Walden at 150

Thoreau’s “Walden” just had its 150th anniversary. Perhaps you celebrated. Me, I retrieved my copy – my grandfather’s copy (The Modern Library, 1950) – and looked at what I’d scribbled and underlined during Fitzgibbon’s college class in 1995.

“I have lived some thirty years on this planet, and I have yet to hear the first syllable of valuable or even earnest advice from my seniors.” (Damn straight! was my juvenile marginal put-in)

“We are in great haste to construct a magnetic telegraph from Maine to Texas; but Maine and Texas, it may be, have nothing important to communicate.”

“We do not ride on the railroad; it rides upon us.”

“I had three chairs in my house; one for solitude, two for friendship, three for society.”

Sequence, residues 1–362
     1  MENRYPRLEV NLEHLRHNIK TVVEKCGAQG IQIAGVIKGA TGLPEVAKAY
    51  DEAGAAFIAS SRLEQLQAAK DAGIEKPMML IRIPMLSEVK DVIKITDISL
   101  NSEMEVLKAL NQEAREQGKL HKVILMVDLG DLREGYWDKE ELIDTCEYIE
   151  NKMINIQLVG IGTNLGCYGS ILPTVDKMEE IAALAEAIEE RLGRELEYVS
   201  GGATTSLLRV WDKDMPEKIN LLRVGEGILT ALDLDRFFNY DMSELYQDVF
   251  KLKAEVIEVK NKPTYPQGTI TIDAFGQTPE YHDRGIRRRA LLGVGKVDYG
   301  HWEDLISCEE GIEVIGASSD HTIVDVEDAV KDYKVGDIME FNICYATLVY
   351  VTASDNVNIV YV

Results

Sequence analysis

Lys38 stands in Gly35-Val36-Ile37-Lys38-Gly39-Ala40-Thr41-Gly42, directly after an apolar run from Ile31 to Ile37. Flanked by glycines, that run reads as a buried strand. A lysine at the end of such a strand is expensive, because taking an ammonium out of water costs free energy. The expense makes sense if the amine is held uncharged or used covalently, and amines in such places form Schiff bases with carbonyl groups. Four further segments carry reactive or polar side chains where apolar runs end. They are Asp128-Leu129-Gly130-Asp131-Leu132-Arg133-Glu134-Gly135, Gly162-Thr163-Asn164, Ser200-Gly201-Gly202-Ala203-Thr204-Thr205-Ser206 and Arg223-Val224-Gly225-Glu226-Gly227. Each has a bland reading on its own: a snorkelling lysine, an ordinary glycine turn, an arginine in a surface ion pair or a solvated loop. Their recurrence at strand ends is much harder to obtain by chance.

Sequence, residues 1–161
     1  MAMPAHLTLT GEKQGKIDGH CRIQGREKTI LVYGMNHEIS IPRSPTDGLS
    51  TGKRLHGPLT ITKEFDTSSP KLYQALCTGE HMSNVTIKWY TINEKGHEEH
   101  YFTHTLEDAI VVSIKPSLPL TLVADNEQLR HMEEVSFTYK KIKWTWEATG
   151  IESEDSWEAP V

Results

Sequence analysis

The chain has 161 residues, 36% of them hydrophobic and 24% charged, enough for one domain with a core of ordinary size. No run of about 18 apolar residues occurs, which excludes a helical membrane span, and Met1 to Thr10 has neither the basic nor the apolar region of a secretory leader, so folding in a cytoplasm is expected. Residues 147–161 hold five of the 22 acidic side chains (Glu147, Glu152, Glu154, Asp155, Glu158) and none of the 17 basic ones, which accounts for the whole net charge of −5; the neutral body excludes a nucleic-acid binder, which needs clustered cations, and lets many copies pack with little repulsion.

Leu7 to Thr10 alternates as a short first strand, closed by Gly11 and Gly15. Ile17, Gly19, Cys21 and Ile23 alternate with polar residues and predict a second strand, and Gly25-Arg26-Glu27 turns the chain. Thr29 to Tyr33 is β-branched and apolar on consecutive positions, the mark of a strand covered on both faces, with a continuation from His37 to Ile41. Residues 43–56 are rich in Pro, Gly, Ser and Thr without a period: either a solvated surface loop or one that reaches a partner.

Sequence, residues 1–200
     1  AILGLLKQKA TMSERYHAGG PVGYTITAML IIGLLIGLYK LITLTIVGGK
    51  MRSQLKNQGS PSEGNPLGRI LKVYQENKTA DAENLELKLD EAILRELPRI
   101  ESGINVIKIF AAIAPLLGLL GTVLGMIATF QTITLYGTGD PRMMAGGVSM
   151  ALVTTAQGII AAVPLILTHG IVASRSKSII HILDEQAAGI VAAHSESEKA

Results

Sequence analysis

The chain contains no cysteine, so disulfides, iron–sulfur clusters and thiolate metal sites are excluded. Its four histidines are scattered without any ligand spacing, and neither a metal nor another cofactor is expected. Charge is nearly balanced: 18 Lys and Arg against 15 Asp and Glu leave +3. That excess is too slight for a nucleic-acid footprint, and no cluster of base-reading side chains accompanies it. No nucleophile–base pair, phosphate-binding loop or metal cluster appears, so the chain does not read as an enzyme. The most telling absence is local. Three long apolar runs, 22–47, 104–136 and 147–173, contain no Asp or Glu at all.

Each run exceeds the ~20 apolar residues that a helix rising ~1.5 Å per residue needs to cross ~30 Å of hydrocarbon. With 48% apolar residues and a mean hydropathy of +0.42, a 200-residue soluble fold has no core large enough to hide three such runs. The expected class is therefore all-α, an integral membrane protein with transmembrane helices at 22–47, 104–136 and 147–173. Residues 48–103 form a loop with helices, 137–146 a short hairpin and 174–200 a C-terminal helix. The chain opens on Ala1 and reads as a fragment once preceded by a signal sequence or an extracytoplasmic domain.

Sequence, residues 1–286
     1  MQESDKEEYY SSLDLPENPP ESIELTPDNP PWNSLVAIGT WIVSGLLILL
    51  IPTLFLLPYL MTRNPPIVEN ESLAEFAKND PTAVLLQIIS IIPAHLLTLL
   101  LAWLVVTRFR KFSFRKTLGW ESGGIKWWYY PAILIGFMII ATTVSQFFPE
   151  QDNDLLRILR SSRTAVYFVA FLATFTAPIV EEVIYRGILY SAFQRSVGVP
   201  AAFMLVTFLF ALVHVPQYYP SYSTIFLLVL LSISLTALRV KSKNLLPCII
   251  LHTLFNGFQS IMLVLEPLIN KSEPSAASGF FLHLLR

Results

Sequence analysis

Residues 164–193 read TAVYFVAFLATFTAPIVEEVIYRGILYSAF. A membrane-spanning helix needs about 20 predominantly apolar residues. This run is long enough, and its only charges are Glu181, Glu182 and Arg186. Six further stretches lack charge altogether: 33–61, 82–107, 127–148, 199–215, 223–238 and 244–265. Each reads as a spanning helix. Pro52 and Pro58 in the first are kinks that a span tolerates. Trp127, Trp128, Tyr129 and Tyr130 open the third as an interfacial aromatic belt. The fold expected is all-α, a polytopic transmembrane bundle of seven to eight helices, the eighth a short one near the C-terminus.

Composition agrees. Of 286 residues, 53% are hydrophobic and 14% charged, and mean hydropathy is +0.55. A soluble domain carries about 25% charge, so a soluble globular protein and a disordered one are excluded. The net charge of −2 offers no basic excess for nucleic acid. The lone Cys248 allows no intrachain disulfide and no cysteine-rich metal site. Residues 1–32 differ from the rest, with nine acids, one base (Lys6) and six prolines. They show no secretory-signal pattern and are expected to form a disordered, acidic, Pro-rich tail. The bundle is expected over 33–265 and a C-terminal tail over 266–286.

“Every man looks at his wood-pile with a kind of affection.”

Okay, maybe things are getting a little strange. But man, HDT wasn’t wanting for self-satisfaction, was he? I’m reminded of the passage in Robert D. Richardson Jr.’s terrific book “Emerson: Mind On Fire,” in which he quotes a remembrance of John Albee, who had spent time with the two:

“Emerson pleaded always for the college; said he himself had entered at fourteen. This aroused the wrath of Thoreau, who would not allow any good to the college course. And here it seemed to me Emerson said things on purpose to draw Thoreau’s fire and to amuse himself. When the curriculum at Cambridge was alluded to, and Emerson casually remarked that most of the branches of learning were taught there, Thoreau seized one of his opportunities and replied ‘Yes indeed, all the branches and none of the roots.’ At this Emerson laughed heartily.”

Damn straight!

(Originally published 12/1/04)